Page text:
Amazon may launch its own Amazon Appstore for Android devices as early as March 22nd, according to a report by Wired. The Amazon-branded third-party app store will rival Android’s native Google Android Market on most Android devices.
In addition to carrying third-party Android titles, Amazon is looking to differentiate its model from Android Market by offering lower prices on select apps and exclusive titles. Apps sold via Amazon Appstore will come with Amazon’s DRM mechanism and will also make it easier for consumers to re-download digital titles, much like what Amazon has done for e-books via the Kindle bookstore.
Wired notes that its tipster says that apps can be purchased through a browser, like on Google’s Android Market, or via an app on Android devices.
Customers will be able to purchase apps through the Amazon.com website or directly through a native Amazon app on their Android devices, said our tipster, who is involved in the launch. Our source asked to remain anonymous due to a non-disclosure agreement.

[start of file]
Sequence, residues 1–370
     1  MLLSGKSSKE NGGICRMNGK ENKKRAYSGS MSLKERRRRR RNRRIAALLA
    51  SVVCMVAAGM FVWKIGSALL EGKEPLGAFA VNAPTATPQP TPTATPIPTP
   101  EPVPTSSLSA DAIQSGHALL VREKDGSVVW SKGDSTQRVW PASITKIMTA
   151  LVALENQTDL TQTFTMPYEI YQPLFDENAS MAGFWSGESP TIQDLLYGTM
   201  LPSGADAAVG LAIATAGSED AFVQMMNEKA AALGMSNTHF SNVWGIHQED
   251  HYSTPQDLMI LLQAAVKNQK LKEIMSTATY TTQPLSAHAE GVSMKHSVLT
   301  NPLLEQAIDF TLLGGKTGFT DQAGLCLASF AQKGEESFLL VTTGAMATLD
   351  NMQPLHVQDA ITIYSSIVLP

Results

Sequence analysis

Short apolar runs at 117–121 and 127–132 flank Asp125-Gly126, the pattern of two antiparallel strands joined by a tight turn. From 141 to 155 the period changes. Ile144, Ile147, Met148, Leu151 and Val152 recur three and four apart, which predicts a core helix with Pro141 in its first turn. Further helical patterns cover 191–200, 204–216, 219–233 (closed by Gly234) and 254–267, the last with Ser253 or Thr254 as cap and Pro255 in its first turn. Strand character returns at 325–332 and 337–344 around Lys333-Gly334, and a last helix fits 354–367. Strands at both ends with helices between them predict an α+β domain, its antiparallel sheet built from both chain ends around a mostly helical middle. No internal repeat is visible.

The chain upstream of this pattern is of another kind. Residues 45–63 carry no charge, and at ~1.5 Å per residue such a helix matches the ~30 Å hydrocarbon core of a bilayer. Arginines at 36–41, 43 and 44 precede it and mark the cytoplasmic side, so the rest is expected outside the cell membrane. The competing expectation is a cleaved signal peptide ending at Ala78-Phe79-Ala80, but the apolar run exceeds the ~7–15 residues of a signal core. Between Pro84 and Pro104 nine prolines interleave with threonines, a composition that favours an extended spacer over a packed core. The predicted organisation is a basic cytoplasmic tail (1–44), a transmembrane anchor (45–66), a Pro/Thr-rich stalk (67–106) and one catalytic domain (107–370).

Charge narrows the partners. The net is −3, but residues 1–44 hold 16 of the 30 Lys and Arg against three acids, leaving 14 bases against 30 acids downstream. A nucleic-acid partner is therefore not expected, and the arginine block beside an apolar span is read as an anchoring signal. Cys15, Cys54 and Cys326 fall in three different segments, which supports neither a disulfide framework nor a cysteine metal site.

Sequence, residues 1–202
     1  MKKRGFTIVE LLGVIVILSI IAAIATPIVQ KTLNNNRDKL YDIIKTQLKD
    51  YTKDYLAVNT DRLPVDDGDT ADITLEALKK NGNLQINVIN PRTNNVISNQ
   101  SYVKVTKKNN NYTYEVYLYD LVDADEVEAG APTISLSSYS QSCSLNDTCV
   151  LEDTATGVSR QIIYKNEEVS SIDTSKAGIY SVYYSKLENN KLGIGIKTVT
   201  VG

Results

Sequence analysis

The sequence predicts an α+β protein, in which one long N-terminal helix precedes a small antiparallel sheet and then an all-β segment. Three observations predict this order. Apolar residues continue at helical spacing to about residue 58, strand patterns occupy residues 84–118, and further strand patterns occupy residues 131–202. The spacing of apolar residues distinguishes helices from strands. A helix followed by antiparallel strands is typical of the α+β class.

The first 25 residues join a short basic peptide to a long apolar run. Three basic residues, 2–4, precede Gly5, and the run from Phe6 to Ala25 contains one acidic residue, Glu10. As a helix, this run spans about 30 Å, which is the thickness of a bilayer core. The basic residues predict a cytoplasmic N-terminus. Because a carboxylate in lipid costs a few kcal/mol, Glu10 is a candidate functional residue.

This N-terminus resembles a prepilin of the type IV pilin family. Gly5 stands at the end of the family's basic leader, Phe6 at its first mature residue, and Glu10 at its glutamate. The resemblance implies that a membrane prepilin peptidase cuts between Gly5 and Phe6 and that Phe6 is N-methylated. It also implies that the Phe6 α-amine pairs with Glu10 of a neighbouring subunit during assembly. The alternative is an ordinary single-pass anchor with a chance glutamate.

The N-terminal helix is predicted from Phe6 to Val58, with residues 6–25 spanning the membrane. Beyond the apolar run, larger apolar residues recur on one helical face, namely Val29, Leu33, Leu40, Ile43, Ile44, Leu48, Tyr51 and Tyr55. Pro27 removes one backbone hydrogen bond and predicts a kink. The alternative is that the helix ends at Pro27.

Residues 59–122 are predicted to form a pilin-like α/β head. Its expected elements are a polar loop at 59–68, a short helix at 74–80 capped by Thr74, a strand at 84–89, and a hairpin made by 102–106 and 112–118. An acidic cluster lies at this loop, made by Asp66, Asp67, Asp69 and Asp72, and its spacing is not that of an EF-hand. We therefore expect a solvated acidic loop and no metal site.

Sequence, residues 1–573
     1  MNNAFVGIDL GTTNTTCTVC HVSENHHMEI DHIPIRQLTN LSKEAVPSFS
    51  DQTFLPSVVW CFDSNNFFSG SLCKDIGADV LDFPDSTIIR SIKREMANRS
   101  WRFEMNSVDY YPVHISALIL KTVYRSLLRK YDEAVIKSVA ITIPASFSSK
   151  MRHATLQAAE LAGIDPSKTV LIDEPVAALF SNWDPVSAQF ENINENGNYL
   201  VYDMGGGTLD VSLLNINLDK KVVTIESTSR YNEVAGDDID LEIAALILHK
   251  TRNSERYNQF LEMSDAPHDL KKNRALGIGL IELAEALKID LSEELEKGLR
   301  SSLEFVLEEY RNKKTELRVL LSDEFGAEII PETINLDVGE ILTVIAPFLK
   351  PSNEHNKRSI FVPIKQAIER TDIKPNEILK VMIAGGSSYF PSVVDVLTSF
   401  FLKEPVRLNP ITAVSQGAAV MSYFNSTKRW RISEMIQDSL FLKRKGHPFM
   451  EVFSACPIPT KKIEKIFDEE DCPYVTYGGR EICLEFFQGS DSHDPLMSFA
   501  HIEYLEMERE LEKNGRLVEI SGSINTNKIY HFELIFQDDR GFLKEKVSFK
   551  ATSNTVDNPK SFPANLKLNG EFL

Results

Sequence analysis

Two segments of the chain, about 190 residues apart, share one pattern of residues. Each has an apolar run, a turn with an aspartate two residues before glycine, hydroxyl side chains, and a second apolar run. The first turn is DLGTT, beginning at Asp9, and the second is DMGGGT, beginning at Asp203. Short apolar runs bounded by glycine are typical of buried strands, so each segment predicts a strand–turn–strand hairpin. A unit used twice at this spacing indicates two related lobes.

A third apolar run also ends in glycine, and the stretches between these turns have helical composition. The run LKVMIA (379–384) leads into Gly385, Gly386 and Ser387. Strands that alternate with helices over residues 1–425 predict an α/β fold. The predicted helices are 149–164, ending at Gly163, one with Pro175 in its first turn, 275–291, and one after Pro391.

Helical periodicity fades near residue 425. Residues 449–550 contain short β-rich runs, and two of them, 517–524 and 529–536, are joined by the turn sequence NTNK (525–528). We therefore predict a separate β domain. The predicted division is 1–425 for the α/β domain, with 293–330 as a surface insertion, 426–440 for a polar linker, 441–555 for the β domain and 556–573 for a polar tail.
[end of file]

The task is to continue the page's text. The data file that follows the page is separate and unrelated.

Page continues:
While an Amazon app store may create confusion with Android Market, Amazon stands to be a serious competitor to the official Android Market as Amazon has payment mechanisms in more countries than Google does with Google Checkout, which is used for purchasing apps on Android Market.
Whether the Amazon Appstore may pave way to an official Amazon-branded Android tablet is unclear. Currently, Amazon is still boasting the advantages of a dedicated e-reader device through its Kindle platform, though the company does offer a Kindle app for PCs, Macs, and mobile devices.
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